WASHINGTON, October 14, 1862.
Brigadier-General MEIGS, Quartermaster-General:
GENERAL: General Pope telegraphs that he will retain in Minnesota only three regiments of infantry and such cavalry as can be raised in that State. All other troops will be sent to Kentucky or Tennessee. The Indian war in that quarter is deemed to be ended for the season. All the supplied intended for the Upper Mississippi and not wanted there should be sent elsewhere.
H. W. HALLECK,
HEADQUARTERS MILITARY EXPEDITION,
Camp Release, October 14, 1862.
Captain J. C. WHITNEY,
Commanding Detachment at Yellow Medicine:
SIR: I have received your dispatch of to-day with accompanying papers. Your proceedings, as I expected, in carrying out my orders was well taken the judicious, and I feel gratified that your success was so complete. In order to enable you to guard your prisoners perfectly for the few days required for preparation for their removal, I have ordered Captain Wilson's company, under the command of Lieutenant Parker, to proceed to-night to re-enforce you. He will report to you for orders, and I desire that you will keep a strong guard over the prisoners, so as to avoid any danger of the escape of any of them. They will have to be secured with irons around the leg two together, as I have done here; I have now 101 men fixed in that way, who I shall send down shortly under a guard to join those you have in confinement, and then dispatch the whole to Fort Snelling. It is probable there are some innocent men among the prisoners in both camps, especially among your own; but it is impossible to winnow them out now, and they must all be taken down together.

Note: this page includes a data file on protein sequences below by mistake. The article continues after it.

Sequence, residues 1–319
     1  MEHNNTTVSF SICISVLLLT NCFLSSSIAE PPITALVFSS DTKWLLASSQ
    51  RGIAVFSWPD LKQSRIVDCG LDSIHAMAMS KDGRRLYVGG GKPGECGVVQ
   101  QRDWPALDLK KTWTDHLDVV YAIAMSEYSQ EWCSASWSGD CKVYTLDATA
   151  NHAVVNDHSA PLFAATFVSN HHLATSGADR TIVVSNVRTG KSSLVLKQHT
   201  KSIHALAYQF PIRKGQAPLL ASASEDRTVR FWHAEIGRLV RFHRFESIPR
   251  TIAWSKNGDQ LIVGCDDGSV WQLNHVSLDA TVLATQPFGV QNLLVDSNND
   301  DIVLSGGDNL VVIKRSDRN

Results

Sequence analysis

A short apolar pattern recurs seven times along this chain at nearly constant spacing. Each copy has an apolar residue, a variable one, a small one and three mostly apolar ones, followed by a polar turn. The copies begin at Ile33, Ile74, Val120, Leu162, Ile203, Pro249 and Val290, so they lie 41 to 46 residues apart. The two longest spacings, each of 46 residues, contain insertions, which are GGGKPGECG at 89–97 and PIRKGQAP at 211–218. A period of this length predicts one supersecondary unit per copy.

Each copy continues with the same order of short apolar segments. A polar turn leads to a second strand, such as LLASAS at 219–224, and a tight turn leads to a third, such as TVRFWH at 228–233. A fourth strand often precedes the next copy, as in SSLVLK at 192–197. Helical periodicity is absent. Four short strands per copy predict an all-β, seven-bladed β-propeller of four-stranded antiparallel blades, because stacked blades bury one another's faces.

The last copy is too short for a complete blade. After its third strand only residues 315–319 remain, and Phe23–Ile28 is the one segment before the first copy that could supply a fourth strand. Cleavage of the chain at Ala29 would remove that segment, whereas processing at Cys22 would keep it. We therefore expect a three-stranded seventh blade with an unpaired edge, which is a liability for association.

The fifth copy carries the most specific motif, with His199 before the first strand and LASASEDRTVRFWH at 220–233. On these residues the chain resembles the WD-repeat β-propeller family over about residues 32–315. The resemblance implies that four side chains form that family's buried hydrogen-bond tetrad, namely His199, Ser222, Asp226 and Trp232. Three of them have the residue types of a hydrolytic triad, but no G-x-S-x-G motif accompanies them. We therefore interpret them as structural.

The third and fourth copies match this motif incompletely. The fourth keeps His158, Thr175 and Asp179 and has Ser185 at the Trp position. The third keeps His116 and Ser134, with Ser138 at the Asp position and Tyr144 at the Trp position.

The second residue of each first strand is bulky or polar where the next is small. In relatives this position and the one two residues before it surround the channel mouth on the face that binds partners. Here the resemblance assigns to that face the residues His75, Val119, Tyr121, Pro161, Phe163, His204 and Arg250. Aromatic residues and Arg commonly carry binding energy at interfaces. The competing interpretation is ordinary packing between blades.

The Indians, men, women, and children, must be principally fed on corn and potatoes, although I do not object to their receiving fresh beef twice a week when it can be obtained. Our own supplies are too scant to enable us to be very liberal on that score. You and Major Galbraith will please collect what trace-chains and suitable iron rods can be found, with a view to the extreme security of the prisoners against escape. I have addressed an official communication to Major Galbraith of this date. You will forbid the men released from custody from straying away from the camp.
I am, captain, very respectfully,
H. H. SIBLEY,
SAINT LOUIS, MO., October 15, 1862-11.40 a. m.
Major General H. W. HALLECK, General-in-Chief:
My Helena troops are in very bad health. I must relieve some more of them, so they can recover from summer diseases. More than half the Arkansas regiment at Helena is sick or dead. I want fresh troops to send down. Would like to have Illinois and Iowa sent immediately.